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Mind your consents: New guidance on CASL compliance from the CRTC

The CRTC has recently published some additional guidance on retaining evidence of CASL consents.

Under CASL, the person sending (or permitting to send) the commercial electronic message (CEM) has the onus of proving consent. 

If the sender is relying on an exception to the consent requirement, such as an existing business or non-business relationship, the sender must be able to prove the exception.

As such, CRTC notes good record-keeping practices can help the sender:

Recording client calls by brokerage firm not a breach of privacy due to consent: Turkson v. TD Direct Investing 2016 BCSC 732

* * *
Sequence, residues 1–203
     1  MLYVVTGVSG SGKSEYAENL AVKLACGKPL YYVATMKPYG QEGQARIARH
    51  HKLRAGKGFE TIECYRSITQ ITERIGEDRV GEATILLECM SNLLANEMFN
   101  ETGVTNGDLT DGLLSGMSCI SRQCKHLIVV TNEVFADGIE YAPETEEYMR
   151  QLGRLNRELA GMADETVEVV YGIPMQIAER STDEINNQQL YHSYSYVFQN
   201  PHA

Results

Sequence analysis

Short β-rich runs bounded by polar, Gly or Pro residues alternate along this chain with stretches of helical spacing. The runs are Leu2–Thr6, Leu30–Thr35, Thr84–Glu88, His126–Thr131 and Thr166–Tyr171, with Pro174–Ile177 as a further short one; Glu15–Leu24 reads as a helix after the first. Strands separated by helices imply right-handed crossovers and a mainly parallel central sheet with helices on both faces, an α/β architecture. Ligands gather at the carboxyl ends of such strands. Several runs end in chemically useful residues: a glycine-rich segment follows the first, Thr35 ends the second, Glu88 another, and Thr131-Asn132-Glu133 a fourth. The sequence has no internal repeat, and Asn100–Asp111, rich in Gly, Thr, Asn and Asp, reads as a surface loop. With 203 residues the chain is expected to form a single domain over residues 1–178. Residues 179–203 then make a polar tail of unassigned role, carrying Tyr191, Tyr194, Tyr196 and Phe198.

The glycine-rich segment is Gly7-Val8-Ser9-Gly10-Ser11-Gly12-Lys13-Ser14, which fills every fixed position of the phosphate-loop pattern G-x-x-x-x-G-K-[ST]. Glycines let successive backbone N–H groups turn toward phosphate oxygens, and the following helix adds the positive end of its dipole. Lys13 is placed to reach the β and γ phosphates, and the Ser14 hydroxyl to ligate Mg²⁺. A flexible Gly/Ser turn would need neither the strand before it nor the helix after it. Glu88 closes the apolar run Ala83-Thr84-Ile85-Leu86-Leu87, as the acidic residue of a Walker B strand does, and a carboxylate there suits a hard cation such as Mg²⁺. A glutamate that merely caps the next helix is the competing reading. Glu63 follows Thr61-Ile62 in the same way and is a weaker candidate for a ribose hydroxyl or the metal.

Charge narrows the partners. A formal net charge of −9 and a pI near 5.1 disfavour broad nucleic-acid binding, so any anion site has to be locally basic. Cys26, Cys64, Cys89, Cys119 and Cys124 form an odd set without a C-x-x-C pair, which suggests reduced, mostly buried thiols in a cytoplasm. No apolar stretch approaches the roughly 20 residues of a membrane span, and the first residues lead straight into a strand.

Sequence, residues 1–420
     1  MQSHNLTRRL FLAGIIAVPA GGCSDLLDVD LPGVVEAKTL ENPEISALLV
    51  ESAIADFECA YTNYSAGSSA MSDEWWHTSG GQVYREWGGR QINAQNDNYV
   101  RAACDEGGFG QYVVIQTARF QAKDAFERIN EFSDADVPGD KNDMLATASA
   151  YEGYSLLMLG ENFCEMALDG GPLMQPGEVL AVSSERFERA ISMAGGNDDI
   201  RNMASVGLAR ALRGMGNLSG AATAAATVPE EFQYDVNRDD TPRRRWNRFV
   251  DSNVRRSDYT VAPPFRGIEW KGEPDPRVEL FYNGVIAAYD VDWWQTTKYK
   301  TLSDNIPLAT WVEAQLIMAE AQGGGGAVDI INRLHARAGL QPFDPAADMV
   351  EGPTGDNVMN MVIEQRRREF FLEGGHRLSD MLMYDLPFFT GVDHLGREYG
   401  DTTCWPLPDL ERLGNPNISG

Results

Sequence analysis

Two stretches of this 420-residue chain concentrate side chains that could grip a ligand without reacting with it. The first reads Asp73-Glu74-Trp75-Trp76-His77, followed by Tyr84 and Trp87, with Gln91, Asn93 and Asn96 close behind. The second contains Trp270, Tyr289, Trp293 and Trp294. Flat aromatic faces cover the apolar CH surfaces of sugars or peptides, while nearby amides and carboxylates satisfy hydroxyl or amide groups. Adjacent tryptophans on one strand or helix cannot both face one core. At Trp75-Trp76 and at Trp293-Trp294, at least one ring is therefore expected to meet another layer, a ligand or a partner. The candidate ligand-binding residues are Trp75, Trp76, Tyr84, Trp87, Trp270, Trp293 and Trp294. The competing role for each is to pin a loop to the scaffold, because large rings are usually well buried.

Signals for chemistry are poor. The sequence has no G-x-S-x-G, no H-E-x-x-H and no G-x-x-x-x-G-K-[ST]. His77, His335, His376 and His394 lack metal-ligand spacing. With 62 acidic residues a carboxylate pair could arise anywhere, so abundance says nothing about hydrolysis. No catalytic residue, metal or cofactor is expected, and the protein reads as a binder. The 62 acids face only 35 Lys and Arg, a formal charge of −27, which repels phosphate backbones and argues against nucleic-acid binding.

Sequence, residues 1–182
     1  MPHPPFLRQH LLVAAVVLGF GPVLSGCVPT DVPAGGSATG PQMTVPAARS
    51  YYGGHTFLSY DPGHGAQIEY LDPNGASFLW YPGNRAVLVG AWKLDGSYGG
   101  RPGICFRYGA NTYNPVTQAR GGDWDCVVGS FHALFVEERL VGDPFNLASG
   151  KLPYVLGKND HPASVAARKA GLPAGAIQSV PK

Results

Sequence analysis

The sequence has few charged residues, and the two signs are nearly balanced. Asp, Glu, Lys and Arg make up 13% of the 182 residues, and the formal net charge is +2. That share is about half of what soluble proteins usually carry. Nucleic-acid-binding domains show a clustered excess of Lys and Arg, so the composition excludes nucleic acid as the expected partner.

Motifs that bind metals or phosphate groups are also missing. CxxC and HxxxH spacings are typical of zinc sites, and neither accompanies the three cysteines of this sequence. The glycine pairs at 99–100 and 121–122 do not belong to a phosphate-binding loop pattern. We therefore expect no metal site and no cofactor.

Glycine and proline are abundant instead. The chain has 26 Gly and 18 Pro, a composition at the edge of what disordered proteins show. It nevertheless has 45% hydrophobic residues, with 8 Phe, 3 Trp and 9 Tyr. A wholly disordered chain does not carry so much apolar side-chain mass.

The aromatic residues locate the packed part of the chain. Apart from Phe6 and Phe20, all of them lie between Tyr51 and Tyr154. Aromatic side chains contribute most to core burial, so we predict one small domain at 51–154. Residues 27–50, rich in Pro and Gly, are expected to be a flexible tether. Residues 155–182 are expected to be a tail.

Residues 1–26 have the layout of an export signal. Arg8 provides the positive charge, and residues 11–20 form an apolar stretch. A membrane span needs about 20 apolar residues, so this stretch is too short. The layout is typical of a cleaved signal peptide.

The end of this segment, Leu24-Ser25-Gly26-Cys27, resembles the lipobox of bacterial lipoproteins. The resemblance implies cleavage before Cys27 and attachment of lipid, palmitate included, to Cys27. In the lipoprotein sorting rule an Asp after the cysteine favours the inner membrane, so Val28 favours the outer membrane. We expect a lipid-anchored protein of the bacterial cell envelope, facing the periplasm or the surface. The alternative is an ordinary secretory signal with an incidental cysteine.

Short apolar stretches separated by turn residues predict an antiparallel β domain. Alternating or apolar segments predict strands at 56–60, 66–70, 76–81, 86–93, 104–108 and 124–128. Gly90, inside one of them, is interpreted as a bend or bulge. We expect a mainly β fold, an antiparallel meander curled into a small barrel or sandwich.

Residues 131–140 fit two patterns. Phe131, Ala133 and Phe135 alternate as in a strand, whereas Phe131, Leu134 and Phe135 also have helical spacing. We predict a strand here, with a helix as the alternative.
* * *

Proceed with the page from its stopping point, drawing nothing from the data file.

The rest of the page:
Mr. Turkson commenced proceedings against TD Waterhouse regarding his trading dealings with them, including claims for breach of contract, negligence, breach of fiduciary duty, breach of trust, fraud, wilful concealment and breach of privacy.  In dismissing all of the claims, the BC Supreme Court also dismissed the privacy allegations. 

Mr. Turkson alleged that TD Waterhouse invaded his privacy by tape recording his conversations with its representatives without his consent, and by publishing the transcript of those conversations without his consent or a court order.

Local governments' role in brownfield development

The Province of British Columbia has issued an intentions paper on identifying contaminated sites.  Among other things, the Province proposes to substantially change the role of local governments in the contaminated site identification process.  Comment period on the intentions paper expires on July 31, 2016.  Local governments should take note of the proposed changes and consider providing input to the Province.